UDL in Practice · Universal Design for Learning (UDL)

Baby Steps #3: Adding Options

This blog post is one in a series of my thoughts on small, manageable first steps in implementing Universal Design for Learning (UDL).  Please see these earlier blog posts on changing instruction and changing assessment for other ideas.

choice-1799749_1920Baby Step #3:  Adding Options

The Guidelines talk frequently about choice as a key part of changing the educational framework.  One of the easiest places to add choice is in homework.  This year, I set a goal for myself in my evaluation that I would attempt to provide an electronic option for homework daily.  There are days when I have had to scramble to find something that is equivalent to the rigor of the work in the Eureka math Problem Sets that we regularly assign for homework, but my colleague (Irene Witt) and I have found some sites that we use on a regular basis.
Screen Shot 2018-02-10 at 5.14.29 PM.jpg

If you are looking for a direct parallel to the Eureka math assignments, you can create a free teacher account with ASSISTments.  Because the Eureka math program is based on Engage NY, which is an open-source curriculum, ASSISTments was able to load the entire set of Exit Tickets and Problem Sets into their program.  You just click and assign…and you have two options for homework–one on paper and the same questions online.  Magic!

If you want to change things up more dramatically, FlipGridScreen Shot 2018-02-10 at 5.15.45 PM.jpg offers another free option.  We provide a FlipGrid question on homework on days with more exploratory or reflective homework, such as when we are wrapping up multiple days of working with a given topic.  FlipGrid gives students a platform to share their thoughts orally, without the stress of generating text.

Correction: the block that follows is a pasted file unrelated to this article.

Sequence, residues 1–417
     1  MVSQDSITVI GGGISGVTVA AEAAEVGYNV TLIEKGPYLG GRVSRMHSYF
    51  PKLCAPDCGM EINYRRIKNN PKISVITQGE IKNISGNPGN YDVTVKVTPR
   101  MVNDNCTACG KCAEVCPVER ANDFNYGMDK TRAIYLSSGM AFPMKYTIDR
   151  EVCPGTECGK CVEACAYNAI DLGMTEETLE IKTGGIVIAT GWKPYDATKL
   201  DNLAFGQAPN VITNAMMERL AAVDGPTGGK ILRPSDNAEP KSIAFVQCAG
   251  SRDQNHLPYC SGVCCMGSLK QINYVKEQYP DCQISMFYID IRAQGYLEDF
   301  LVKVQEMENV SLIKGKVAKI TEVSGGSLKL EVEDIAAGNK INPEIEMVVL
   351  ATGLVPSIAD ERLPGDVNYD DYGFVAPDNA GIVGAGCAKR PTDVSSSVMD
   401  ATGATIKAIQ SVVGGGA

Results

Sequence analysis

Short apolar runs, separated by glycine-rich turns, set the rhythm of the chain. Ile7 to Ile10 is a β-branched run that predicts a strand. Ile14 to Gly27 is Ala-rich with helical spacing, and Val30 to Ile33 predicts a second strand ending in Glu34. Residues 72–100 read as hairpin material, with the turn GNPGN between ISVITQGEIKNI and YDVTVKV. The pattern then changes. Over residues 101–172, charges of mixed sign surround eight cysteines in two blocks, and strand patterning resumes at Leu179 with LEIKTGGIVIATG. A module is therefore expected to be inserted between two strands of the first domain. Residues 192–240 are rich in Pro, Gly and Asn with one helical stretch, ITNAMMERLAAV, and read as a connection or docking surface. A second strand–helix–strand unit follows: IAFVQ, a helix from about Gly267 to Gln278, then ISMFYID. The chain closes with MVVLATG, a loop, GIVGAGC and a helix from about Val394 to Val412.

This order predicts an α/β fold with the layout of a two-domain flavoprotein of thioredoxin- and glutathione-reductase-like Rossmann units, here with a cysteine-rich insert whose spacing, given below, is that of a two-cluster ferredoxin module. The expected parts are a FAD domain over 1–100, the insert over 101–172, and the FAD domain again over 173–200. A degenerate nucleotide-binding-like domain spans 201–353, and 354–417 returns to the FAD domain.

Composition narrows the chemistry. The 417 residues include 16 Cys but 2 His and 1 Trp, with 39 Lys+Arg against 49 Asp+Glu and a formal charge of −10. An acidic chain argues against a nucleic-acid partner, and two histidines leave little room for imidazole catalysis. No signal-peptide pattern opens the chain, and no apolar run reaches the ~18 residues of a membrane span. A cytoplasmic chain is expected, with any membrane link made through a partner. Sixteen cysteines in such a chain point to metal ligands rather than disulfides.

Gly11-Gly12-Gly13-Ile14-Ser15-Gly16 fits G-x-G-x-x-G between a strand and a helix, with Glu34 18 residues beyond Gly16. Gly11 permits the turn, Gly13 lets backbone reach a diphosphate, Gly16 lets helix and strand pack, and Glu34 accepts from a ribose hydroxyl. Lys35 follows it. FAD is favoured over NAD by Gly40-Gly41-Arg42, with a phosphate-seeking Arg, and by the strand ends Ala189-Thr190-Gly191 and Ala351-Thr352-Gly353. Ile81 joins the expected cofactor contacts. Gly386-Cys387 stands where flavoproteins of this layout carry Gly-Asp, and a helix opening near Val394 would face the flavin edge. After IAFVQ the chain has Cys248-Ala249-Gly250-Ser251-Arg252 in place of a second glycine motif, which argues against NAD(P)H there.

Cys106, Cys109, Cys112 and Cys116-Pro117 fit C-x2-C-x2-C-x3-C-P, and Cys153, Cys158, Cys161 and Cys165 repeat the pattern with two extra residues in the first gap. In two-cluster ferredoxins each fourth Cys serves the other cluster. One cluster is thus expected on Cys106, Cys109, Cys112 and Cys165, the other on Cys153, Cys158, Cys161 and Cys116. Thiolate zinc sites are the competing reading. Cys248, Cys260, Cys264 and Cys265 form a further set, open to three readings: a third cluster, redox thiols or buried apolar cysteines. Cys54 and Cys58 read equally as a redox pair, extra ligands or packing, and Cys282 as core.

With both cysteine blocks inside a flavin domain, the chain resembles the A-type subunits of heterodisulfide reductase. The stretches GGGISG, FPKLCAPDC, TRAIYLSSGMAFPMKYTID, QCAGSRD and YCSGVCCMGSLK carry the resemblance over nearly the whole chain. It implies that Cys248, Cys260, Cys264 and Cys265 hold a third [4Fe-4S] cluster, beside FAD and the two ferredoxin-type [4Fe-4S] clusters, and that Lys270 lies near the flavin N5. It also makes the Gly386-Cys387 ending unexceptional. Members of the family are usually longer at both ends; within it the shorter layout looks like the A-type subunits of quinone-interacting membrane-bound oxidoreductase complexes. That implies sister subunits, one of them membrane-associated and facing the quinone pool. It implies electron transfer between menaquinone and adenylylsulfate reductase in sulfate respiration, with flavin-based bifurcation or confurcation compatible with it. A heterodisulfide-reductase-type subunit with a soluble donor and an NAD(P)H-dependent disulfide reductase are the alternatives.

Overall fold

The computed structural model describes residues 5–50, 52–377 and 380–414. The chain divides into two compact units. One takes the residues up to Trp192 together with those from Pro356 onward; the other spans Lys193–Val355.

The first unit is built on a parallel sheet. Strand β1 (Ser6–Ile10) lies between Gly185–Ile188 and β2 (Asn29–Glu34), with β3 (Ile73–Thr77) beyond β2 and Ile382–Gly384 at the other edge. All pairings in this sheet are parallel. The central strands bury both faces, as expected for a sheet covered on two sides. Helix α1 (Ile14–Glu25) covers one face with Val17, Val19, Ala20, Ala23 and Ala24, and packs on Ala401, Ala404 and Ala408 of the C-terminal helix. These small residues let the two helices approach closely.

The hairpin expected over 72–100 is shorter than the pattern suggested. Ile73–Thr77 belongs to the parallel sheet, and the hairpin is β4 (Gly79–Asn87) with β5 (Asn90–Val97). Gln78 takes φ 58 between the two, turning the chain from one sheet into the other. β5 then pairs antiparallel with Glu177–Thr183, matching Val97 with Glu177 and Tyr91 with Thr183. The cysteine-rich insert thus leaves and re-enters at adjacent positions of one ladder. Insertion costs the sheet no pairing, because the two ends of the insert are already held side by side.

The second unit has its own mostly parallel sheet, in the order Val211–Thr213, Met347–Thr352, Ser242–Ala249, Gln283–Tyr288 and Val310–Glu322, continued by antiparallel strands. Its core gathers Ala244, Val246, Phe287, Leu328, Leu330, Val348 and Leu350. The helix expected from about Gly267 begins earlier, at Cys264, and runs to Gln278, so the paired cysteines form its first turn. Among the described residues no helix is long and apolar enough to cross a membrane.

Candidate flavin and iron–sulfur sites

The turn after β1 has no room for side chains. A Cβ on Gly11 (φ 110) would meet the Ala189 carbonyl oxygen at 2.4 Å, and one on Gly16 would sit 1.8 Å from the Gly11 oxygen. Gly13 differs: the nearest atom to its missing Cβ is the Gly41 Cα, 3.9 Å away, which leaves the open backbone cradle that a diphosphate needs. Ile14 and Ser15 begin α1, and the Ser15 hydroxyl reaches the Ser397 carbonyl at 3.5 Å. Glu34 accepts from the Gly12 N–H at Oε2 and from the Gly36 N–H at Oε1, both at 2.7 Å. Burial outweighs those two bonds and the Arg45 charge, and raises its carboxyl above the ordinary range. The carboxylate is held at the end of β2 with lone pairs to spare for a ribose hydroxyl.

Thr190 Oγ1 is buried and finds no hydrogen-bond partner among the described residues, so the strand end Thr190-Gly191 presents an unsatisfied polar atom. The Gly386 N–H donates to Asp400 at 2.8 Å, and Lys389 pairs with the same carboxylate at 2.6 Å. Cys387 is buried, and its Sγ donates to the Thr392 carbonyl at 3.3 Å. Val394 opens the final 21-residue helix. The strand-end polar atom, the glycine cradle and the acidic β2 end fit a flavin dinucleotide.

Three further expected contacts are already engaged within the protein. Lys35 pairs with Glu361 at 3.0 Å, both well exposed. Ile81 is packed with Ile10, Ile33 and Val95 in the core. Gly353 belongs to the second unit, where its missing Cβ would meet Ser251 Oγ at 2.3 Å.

Screen Shot 2018-02-10 at 5.17.33 PM.jpgKhan Academy can be a good homework option if you need work that’s more skill-based.  We often use it as an option at the start of a Module when we need a preview/review homework assignment the night we give a Module Assessment (final exam on a given topic) in class–we provide links to targeted practice and videos to help students begin their transition to the next day’s work with that night’s homework.

Screen Shot 2018-02-10 at 5.18.42 PM.jpgIn our classes, we recently started working with Edulastic as an online option for students to review material.  Specifically, Irene and I are using it for low-stakes MCAS practice in the classroom on MCAS review days.  (MCAS is our state-mandated test.)  The search and assign option allowed us to create three different review assignments by topic, one for each major Module thus far in the year; we have left the due dates open until the end of the school year so we can have students return to the assignments throughout the review time prior to the testing window.

This list can look overwhelming!  It’s important to keep in mind that Irene and I have been working to find these resources for half a school year now, so we aren’t really at a baby step any more.  A baby step could be setting a personal goal to provide one additional homework option 2-3 times a week, when there is a direct and easy connection to a pre-planned homework assignment.  For example, if you were already going to assign a Eureka or Engage NY problem set, why not try ASSISTments a few times a week as well?  If you were going to hand out a worksheet on naming 2D and 3D shapes in preparation to the 7th grade work with cross-sections, why not offer some Khan Academy links to the same content as well?  I think it is important to remember that creating “options” just means having more than one option; if you can create 2-3 opportunities each week for students to have a choice between a paper homework and an electronic option, you have taken a first baby step into UDL.

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